Most of the museum area is located underground with a circular walkway that spirals downwards with galleries branching outwards. Western sculptures by artists such as Ernst, Giacometti, Magritte and Moore can be found in the museum's gardens.

Festival Orchestra[edit]

“Nilper in ancient Iranian language means “Lotus” and it’s a symbol for peace and friendship in opinion of all countries.”

Nilper Orchestra was founded by Navid Gohari in 2004 for performing Contemporary Classical Music. The Orchestra’s continuous aspiration is performing art music of both Iranian and international contemporary composers, while – as the members of the orchestra – bringing together talented performers and rising artists living and working in Iran. Since its establishment, the orchestra has performed regularly in seasonal programming, and in its 13th years of activity has performed 28 full concerts, performing 58 works in repertoire of contemporary music, 23 world or national premieres, and has hosted 10 soloists. Since 2008 Ehsan Tarokh has been responsible for orchestra’s managerial activities. Nilper is focused on introducing and performing the rarity repertoire of high quality, observing international rules of Copyright and interaction with publishing houses, and invitation and hosting of established artists and soloists from around the world. These all mark the concept, philosophy, and the approach of the board of directors in Nilper Orchestra.[8][9]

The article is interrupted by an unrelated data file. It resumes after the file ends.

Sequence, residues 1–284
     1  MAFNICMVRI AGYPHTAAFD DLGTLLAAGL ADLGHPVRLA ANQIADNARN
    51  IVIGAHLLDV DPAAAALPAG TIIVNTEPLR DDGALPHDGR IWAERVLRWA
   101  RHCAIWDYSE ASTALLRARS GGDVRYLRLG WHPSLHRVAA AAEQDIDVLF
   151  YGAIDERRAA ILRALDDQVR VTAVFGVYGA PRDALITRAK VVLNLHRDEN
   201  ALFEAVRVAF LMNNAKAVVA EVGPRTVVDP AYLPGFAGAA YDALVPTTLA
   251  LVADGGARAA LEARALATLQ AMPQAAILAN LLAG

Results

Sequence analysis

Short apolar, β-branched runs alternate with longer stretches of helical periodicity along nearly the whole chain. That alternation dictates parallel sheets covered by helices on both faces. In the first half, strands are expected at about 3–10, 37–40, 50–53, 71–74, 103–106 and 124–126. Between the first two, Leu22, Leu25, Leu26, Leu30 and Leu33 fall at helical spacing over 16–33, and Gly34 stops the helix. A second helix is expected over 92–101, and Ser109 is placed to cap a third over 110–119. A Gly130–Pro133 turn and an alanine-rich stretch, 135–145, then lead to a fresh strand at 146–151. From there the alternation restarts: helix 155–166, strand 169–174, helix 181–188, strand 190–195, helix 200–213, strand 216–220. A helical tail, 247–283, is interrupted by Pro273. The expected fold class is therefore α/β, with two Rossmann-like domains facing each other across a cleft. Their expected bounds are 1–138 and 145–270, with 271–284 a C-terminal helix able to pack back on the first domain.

External links[edit]

References[edit]

  1. ^ "Int'l Music Festival at 3 Venues". Financial Tribune. 2016-04-17. Retrieved 2018-06-07.
  2. ^ "Intl musicians to play in Tehran festival". en.tehran.ir (in Persian). Retrieved 2018-06-07.
  3. ^ "3rd Tehran International Contemporary Music Festival to start this weekend - Living in Tehran". Living in Tehran. 2018-04-18. Retrieved 2018-06-07.
  4. ^ "Tehran Contemporary Music Festival – Third Edition - Spectro Centre for New Music". Spectro Centre for New Music. 2018-04-19. Retrieved 2018-06-07.
  5. ^ "Tehran International Contemporary Music Festival to open at TMCA on Friday". Site name. Retrieved 2018-06-07.
  6. ^ "Święto muzyki współczesnej w Iranie [Korespondenci] | meakultura.pl". meakultura.pl (in Polish). Retrieved 2018-06-07.
  7. ^ "Tehran to host first Contemporary Music Festival in April". Mehr News Agency. 2016-01-18. Retrieved 2018-06-07.
  8. ^ "Nilper Orchestra performs at Tehran Contemporary Music Festival". Tehran Times. 2016-04-25. Retrieved 2018-06-07.
  9. ^ "Nilper Orchestra". Financial Tribune. 2017-09-17. Retrieved 2018-06-07.